5 things you need to know now
5 things you need to know now
  • Trump fires back on Clinton's accusations of racism

  • U.S. economy grew slower last quarter than initially estimated

  • French court rules against burkini ban

  • Obama is creating the world's largest marine sanctuary off Hawaii's coast

  • Britney Spears releases ninth studio record

Donald Trump hit back at Hillary Clinton's accusations of racism Friday by releasing a video rehashing the Democratic nominee's questionable remarks during the 2008 presidential primary, when she faced then-Sen. Barack Obama. The video shows Clinton crediting President Lyndon B. Johnson with bringing Martin Luther King's civil-rights dream to fruition by passing the Civil Rights Act, rather than crediting King himself for launching the movement. Trump followed the video up with a tweet calling the Clintons the "real predators," in which he revisits Clinton's use of the term "superpredators" when discussing her husband's 1994 crime bill. Trump's response is the latest move in an escalating battle between the candidates as they volley accusations of bigotry back and forth; on Thursday, Clinton attacked Trump for his ties to the "radical fringe" of the right.

Source: Politico

Initial estimates of the economy's growth last quarter turned out to be overconfident, new data released Friday shows. The latest gross domestic product figures released by the Commerce Department found the value of goods and services produced last quarter actually increased at a 1.1 percent rate, down from the 1.2 percent rate initially reported. The report did, however, reveal a higher rate of household consumption and an increase in worker wages, indicating that some of the sluggishness caused by falling government spending was offset by increased personal wealth and consumer spending. Economists remain optimistic the third quarter will show greater growth.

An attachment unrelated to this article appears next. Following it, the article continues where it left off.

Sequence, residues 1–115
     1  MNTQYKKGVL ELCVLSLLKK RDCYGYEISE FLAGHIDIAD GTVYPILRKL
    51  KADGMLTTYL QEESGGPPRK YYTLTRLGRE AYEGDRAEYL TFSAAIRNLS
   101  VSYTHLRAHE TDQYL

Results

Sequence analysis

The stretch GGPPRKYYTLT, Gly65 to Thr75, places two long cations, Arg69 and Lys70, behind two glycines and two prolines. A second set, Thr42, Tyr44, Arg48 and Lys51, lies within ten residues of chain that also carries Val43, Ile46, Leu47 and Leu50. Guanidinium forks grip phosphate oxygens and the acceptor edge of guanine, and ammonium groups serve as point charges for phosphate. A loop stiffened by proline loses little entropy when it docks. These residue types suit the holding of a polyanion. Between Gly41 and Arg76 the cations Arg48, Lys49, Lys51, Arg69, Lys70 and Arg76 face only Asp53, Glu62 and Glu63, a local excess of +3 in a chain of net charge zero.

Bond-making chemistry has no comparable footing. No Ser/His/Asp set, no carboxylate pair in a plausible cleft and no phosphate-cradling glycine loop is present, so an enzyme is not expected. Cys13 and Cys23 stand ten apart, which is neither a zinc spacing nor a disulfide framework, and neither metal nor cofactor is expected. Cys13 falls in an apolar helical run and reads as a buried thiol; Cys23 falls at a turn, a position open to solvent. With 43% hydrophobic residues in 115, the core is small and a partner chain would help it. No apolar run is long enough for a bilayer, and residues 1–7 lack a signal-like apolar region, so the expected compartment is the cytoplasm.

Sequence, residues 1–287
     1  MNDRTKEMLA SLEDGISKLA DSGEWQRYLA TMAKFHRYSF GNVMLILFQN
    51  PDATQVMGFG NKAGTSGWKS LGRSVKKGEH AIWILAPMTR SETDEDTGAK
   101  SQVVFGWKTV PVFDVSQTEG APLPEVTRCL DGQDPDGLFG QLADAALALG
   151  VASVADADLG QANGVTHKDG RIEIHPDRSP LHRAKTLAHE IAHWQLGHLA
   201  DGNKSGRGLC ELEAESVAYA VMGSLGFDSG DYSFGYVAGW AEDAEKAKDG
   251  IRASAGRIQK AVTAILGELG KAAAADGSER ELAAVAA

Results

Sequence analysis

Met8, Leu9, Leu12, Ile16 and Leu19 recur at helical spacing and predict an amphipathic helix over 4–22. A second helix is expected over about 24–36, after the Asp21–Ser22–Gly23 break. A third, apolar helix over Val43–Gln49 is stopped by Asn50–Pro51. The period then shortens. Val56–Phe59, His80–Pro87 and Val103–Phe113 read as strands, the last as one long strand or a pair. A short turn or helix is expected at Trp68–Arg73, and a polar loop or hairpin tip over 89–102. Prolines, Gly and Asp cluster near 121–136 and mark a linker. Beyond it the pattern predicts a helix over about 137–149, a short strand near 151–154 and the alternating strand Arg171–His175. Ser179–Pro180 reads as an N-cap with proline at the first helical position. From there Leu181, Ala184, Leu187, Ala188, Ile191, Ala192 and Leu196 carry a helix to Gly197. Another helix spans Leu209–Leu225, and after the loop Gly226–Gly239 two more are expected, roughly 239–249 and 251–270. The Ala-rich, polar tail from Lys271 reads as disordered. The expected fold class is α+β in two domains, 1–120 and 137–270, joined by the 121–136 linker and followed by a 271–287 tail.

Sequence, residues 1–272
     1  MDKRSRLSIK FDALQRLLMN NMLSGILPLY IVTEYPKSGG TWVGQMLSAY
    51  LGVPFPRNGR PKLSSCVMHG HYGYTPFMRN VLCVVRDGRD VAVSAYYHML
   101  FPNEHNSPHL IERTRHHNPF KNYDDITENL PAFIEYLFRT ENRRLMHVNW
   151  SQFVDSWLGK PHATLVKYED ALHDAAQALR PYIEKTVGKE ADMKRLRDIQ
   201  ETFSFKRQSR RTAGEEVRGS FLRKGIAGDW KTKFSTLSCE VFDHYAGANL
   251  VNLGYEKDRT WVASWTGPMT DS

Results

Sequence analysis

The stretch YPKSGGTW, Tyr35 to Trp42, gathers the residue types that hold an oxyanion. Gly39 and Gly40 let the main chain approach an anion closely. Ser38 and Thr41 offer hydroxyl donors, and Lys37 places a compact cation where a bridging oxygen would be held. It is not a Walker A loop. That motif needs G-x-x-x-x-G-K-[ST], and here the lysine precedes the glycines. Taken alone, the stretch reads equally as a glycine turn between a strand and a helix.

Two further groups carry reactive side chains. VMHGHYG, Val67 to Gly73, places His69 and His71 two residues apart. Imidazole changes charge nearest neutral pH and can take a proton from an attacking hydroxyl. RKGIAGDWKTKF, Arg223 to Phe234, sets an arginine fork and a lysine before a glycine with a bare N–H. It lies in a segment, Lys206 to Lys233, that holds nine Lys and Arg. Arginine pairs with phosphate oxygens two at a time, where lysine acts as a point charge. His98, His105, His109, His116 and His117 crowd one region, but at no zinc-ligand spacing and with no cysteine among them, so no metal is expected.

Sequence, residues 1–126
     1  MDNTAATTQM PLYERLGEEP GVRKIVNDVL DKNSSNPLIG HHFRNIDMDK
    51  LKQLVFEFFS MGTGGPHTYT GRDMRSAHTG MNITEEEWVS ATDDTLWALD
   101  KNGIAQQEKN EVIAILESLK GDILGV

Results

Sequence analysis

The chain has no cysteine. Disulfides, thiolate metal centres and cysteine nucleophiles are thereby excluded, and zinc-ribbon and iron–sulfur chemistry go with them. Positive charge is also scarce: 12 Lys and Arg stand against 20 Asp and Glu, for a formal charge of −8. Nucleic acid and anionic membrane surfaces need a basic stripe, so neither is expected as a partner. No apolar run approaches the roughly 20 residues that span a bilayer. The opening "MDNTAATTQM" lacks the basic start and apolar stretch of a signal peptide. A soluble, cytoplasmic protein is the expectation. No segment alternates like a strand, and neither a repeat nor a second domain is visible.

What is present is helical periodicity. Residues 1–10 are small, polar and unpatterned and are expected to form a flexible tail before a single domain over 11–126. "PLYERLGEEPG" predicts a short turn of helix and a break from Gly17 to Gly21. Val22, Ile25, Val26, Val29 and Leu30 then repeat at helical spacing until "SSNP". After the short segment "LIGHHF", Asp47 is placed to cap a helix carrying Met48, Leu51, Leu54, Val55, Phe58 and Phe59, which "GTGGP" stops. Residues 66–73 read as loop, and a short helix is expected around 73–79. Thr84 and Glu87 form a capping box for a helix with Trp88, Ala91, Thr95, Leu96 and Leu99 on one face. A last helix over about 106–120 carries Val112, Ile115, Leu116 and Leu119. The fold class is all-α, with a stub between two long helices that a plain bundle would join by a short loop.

Source: Bloomberg

On Friday, France's Council of State ruled against the controversial burkini ban, which outlawed a full-coverage swimsuit worn mostly by Muslim women. While the court's decision only suspends the ban in the town of Villeneuve-Loubet, it has the potential to reverse the estimated 30 bans already installed in other cities and once again allow women to wear the body-covering swimsuits on the beaches. French mayors banned the swimsuit because of "growing terror concerns," CNN reported, but the court sided with the ban's detractors, ruling that it "seriously and clearly illegally breached fundamental freedoms." The ruling is temporary, however, and a more definitive decision on the ban is still to come.

Source: The Guardian, CNN

In 2006, President George W. Bush created a national marine sanctuary off the coast of Hawaii, and now, President Obama is more than quadrupling its size, to 582,578 square miles, from 139,800, making the Papahānaumokuākea Marine National Monument more than 50 times larger than the Hawaiian Islands themselves. The expanded designation will put the biologically rich and diverse waters under protection of the Endangered Species Act, prohibiting commercial fishing and drilling, but allowing recreational fishing and traditional Hawaiian activity with a permit. Only Congress can create a national park, but presidents can unilaterally declare national monuments under the 1906 Antiquities Act, and Obama has designated more than 548 million acres of federal lands and water, more than double the amount protected by any of his predecessors.

Source: USA Today, The Washington Post

Pop legend Britney Spears released her ninth studio album Friday, the songstress' first album in three years. The record, titled Glory, is Spears' first offering since 2013's much-panned Britney Jean, and Entertainment Weekly describes it as "her most adventurous album in a decade." The album's lyrics are sex-heavy and rebellious, perhaps unsurprising given Spears' most recent project is a multi-year residency in Las Vegas. Glory has been met with mostly positive reviews, if not glowing: As the Los Angeles Times puts it, "For the first time in a decade in a half, feeling Spears' energy doesn't register as an act of vampirism."

Source: Entertainment Weekly, Los Angeles Times
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